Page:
I walked in the rain and mist today – through cornfields; amidst destitute poverty – to meet a woman named Maria. She makes and sells jewelry to the tourists who visit Lake Atitlan, traveling miles by foot or a fortunate car ride with her cute toddler daughter. Maria lives in the home that once was her mother’s. The clay brick walls and dirt floor of the one-room house blend into a seamless palette of deep terracotta. She is proud of the wood-burning cook stove in the corner – it is a new gift from a team of missionaries. She and her daughter share a twin bed covered with wool blankets, which also serves as her sofa when guests come to visit.
Because there were several in our group, Maria transforms buckets into makeshift chairs. She then reaches behind a clothesline filled with shirts, skirts and pants, and brings out a bag and a baby’s bathtub. The bathtub serve as a display area for her work. She shows us beautiful handiwork
– necklaces and bracelets and earrings, while she shares her story.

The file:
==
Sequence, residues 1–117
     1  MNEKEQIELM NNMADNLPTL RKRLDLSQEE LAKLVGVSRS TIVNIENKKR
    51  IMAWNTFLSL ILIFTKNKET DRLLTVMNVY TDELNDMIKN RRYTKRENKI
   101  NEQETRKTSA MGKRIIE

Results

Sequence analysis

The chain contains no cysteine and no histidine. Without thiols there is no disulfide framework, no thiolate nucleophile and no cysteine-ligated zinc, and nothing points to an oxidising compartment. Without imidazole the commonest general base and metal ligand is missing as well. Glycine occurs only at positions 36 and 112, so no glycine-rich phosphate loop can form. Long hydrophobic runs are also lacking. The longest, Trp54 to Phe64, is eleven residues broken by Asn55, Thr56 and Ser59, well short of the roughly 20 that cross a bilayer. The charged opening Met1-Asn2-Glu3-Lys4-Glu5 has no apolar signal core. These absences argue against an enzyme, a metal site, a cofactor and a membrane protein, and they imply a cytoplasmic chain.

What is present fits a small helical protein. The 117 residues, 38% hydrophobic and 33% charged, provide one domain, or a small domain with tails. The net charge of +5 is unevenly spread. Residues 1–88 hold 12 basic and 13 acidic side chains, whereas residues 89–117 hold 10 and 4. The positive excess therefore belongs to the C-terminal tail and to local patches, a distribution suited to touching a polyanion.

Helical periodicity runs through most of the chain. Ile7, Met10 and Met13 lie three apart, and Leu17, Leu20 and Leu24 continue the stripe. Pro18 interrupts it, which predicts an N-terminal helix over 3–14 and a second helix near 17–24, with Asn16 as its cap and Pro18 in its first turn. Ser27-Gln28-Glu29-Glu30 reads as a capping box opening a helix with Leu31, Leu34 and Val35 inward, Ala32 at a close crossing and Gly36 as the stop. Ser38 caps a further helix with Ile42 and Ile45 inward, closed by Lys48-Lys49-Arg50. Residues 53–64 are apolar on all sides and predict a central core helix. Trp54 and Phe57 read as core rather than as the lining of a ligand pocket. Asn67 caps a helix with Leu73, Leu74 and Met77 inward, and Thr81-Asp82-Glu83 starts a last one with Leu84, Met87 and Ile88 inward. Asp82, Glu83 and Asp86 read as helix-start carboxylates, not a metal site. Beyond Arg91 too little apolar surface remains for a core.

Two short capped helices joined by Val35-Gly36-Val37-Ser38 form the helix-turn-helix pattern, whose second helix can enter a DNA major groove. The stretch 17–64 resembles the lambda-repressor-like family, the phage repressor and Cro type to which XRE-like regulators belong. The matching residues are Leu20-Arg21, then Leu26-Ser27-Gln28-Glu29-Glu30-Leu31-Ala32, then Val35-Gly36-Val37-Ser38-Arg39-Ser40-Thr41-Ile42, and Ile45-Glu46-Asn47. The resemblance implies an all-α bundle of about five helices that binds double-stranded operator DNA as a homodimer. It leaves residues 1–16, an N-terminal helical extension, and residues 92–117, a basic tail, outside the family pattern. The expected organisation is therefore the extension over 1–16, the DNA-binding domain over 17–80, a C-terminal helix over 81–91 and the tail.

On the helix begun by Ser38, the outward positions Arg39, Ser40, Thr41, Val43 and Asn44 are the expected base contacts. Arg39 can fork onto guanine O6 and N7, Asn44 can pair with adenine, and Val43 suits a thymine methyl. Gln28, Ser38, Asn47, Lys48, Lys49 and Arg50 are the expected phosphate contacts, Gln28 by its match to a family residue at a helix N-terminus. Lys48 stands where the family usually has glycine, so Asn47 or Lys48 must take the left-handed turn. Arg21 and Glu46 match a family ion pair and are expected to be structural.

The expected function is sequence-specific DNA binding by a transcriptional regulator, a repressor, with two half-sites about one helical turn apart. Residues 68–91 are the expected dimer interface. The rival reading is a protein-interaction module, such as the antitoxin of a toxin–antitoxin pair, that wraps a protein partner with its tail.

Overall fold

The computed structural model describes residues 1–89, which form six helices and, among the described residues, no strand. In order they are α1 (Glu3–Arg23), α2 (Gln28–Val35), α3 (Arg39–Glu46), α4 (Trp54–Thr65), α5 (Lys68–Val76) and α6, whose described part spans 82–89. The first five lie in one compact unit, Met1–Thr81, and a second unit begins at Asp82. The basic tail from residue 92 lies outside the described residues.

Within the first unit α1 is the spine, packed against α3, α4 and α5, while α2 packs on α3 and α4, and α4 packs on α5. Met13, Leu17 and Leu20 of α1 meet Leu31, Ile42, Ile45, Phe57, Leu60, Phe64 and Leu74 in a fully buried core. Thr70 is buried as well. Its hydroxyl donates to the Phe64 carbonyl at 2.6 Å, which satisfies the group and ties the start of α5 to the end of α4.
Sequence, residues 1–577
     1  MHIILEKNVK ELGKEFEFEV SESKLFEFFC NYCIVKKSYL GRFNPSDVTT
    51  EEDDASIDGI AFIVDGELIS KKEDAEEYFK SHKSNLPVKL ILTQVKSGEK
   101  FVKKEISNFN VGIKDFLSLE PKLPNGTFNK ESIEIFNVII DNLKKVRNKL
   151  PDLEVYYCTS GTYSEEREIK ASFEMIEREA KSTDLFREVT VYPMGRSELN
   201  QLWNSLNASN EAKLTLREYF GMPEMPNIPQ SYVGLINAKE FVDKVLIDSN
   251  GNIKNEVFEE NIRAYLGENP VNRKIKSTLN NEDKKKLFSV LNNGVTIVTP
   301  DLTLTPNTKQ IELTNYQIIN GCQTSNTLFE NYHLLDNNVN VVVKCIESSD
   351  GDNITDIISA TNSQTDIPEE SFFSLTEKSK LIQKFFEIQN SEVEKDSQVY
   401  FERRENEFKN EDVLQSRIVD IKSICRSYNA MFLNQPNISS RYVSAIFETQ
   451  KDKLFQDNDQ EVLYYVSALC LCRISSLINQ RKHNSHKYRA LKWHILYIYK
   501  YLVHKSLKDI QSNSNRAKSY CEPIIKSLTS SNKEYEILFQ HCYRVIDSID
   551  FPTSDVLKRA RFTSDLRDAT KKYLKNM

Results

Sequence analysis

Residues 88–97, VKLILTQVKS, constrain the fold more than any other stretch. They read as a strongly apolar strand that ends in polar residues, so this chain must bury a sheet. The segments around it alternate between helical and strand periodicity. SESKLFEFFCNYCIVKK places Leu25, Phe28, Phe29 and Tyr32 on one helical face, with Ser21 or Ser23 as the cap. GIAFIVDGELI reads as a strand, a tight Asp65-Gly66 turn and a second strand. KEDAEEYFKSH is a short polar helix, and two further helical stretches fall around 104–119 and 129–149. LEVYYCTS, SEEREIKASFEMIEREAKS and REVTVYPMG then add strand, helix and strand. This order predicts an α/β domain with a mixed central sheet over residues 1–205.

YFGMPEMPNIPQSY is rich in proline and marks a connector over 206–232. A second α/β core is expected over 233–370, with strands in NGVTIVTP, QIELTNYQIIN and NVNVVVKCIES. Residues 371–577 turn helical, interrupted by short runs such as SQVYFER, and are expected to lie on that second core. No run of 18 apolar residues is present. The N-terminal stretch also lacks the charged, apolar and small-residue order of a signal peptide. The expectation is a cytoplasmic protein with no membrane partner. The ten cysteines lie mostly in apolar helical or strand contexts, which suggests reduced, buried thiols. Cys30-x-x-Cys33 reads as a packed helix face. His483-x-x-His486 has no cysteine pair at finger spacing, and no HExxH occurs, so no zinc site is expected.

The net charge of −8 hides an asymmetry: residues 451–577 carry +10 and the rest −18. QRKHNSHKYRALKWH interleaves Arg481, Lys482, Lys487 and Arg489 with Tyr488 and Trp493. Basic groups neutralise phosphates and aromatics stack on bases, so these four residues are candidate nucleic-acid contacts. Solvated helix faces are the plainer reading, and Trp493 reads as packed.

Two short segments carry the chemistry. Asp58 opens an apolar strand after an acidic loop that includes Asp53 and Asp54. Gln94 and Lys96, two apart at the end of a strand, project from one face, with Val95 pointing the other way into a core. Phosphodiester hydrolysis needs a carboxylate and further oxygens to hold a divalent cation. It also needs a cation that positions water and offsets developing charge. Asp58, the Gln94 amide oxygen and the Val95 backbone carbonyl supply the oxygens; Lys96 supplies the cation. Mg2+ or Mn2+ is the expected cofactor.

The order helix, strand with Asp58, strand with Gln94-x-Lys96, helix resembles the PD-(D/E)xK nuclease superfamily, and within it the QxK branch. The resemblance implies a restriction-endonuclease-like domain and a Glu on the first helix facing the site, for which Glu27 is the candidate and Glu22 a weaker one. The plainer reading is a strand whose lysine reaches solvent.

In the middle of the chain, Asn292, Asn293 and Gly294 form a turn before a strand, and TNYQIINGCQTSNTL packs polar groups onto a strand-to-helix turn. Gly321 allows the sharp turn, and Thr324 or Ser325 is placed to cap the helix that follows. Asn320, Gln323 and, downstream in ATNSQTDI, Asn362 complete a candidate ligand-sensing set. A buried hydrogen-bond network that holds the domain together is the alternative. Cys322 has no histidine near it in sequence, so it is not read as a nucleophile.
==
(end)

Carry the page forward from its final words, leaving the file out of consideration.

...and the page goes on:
Shunned by her family after having a child out of wedlock, Maria feels all alone in her small community. The gentleman next door is abusive, threatening not only his own family but she and her daughter as well. There is no bathroom in her home; her only option is to pay rental for the use of a public bathroom high on a hill. Because she has little money, she opts to bathe in the dark of night in a sink located in the courtyard of her neighborhood. She fears for her safety. Her story is shared in hushed tones so those nearby won’t hear.
Maria has the same dream we all do – she longs to live a life as bright as the beads and stones she uses to create her jewelry.
My heart is pierced as I walk away from Maria’s home, looking across the cornfield at the other clay brick buildings dotting the hilly landscape. The mournful song of someone in the community adds a heart-wrenching soundtrack to the afternoon. The children playing outside in the mud are the same children who laughed and sang with our team as they ate the lunch sponsored by a roofing company in the United States. I’ve been to this country so many times. Yet this time truly is new. Poverty has become personal. It has a face, a name. I have held it, spoken to it, walked alongside it.
Isaiah 1:17 resonates loudly in my soul.
As I lie here tonight, the ache in my heart so strong, I ask, “What now?” I feel the stirring. I await the whispered answer.